Speaking about the removal of the “monuments” New Orleans, mayor Mitch Landrieu laid out the history of the city and its people (Native Americans, immigrants, slaves) when talking about the reasons they should come down. He asks the crowd to think about a young, fifth grade African American girl who must pass those “monuments” everyday and when she asks about the meaning of the statues what would her parents tell her. This is the heart of this discussion. What message do these “monuments” send to that young girl and others? They stand on pedestals and basically say, “You do not belong here. If you choose to stay, I have my eye on you.”
Some argue that the “monuments” represent history, and that is true. But, for me, what this boils down to is a sentence that Landrieu spoke in the middle of his speech: “There is a difference between remembrance of history and reverence of it.” The continued reluctance to see the men and ideas depicted in stone brings to mind that many people revere the “monuments,” and in the process, revere what they stand for as well. We do not need to forget history. We do not need to forget that these “monuments” existed in the spaces where they stood. They tell a story, a tragic story, of our past as a nation, and they do not need to be in the spaces where they reside(d).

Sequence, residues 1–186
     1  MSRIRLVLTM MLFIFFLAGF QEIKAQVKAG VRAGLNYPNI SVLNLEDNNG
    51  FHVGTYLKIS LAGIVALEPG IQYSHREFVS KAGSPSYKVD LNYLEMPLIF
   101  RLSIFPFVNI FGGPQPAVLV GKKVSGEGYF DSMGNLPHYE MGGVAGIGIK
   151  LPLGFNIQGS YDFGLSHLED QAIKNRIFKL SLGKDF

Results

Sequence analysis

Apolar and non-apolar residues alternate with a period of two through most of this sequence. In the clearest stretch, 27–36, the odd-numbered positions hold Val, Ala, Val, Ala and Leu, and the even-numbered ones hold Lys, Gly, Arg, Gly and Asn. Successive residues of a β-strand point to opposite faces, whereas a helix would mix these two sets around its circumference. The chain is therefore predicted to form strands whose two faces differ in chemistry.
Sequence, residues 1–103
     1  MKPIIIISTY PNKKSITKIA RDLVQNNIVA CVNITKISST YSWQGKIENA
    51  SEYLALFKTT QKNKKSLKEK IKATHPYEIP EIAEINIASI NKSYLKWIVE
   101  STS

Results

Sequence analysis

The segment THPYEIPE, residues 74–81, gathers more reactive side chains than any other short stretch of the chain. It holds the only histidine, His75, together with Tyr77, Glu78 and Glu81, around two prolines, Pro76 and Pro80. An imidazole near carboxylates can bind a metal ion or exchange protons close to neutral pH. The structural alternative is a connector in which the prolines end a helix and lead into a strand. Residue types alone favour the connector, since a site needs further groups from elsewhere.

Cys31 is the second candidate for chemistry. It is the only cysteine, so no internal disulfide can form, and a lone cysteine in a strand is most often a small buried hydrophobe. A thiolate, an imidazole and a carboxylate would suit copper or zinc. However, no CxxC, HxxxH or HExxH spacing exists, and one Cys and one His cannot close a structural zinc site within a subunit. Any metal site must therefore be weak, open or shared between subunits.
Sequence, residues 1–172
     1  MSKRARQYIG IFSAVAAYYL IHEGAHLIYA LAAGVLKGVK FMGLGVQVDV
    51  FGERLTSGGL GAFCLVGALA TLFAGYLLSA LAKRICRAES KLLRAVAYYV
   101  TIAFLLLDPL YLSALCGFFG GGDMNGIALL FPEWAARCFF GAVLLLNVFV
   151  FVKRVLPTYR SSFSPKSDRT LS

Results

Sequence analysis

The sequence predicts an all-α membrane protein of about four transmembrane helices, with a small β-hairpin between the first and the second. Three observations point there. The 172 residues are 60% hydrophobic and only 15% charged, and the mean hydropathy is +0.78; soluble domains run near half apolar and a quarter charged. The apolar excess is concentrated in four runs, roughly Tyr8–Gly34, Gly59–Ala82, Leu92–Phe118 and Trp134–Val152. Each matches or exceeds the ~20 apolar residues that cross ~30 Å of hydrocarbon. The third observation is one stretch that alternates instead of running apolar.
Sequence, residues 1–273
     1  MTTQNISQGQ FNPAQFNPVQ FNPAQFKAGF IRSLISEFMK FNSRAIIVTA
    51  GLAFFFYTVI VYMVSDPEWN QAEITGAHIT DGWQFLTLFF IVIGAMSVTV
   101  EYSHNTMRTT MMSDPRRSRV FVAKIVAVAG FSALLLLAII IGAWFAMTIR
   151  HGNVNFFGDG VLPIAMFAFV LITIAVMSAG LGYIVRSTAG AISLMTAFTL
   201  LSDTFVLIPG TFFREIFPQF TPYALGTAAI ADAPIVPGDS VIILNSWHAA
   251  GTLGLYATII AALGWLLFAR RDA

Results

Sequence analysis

We do need monuments that depict and tell the story of those whose voices we have not heard or whose voices have been stifled through years of oppression. There are places that are working towards this: the Whitney Plantation in Louisiana, the National Museum of African American History and Culture, the planned lynching memorial in Alabama. While we do have these sites, there are still more than statutes and “monuments” that represent a sordid past that we continue to live with: places like the Shack Up Inn, Oak Alley, and the White House of the Confederacy. These sites pay short shrift to the institutions of slavery and sharecropping, instead focusing on the people who owned the land or the lost cause fought from within its rooms.
In conclusion, I was born and raised in Caddo Parish, just like Myles Roberts. As a child and teenager, I did not notice the statue outside of the courthouse even though I was downtown a lot. I also did not notice the discrepancies in housing, arrest rates, and education. As I have gotten older, I now know that Caddo Parish has one of the highest incarceration rates in the country. I know, from experience and looking back, that discrepancies in education were apparent. I also know that housing was, essentially, de facto segregated.
The “monuments” symbolically feed into these physical facts, and while I do not claim that by removing them we will completely remedy the ailments caused by our history, I do think it is a step in the right direction. There is more that we need to do, especially in regards to the ways we remember history and construct our myths and beliefs.
What are your thoughts? Let me know in the comments below or on Twitter: @silaslapham.